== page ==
When I was in my early teens, I sang Fiona Apple into a tape recorder and proceeded to play the resultant recording over the phone to my crush, who laughed so hard he accidentally hung up his cordless phone. I did this because the ages of 12 through 16 are one long string of embarrassments threaded by the universal truth that newly pubescent children want praise and attention but cannot yet tell which bids will earn good attention and which will earn ridicule. For example, Millie Bobby Brown, a 15-year-old girl working full-time as an actor, regularly earns praise for pretending to be a psychic orphan but has also recently earned ridicule for pretending to wash her face.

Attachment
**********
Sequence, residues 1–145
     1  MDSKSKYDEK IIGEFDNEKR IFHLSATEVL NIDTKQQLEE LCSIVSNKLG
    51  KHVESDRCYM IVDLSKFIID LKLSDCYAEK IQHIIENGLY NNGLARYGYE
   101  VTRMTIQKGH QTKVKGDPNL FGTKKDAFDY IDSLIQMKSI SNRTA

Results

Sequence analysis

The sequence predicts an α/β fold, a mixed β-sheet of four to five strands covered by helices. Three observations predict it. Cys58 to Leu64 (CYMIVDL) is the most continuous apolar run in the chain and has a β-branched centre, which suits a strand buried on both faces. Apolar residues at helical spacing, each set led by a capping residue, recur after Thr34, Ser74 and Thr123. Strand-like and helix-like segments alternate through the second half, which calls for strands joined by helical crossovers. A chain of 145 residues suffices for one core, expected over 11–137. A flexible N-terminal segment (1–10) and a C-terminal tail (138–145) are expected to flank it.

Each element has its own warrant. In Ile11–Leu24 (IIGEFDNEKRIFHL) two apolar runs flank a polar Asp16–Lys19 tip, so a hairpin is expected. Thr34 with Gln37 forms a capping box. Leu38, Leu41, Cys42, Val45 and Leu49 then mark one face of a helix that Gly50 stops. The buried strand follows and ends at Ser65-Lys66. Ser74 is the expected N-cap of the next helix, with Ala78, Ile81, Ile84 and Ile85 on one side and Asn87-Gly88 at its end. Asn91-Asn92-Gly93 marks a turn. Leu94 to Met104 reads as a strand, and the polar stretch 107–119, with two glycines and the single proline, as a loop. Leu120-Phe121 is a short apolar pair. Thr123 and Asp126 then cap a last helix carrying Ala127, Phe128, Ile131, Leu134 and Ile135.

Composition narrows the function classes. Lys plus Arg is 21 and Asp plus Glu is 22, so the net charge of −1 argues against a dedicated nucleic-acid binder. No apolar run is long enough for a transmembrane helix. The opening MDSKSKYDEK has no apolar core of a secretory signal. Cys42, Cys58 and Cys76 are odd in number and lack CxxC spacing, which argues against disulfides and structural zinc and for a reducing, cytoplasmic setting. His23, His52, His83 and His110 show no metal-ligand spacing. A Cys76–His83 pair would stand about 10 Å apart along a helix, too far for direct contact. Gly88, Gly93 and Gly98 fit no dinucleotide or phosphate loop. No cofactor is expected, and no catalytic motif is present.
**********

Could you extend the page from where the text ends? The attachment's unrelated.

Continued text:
In what looks to be video shot on a cameraphone propped against a bathroom mirror, Millie Bobby Brown, Mills to her friends and customers, simulates removing her makeup with her new Florence by Mills skincare line while wearing a full face of makeup and simply rubbing dry hands against foundation-covered skin. It’s the kind of thing a teenager might post to social media and remove hours later when the whole school starts laughing. Unfortunately for Mills, the whole school is the entire internet, where fans were apoplectic at the trickery and the video earned international media attention.
Today, the child has felt compelled to issue an apology to the entire world for behaving childishly:
“I’m still learning the best way to share my routines as I get to know this space better — I’m not an expert,” Brown wrote in an Instagram post. “I thought doing a quick video replicating my personal process for that night was okay, but that’s not what was conveyed. I understand, I appreciate all of your feedback on this journey, please keep sharing your thoughts and I will too! ily guys x #loveandlight.”
Love and light, Millie. Please consider not being a child actor anymore because it is almost certainly bad for you.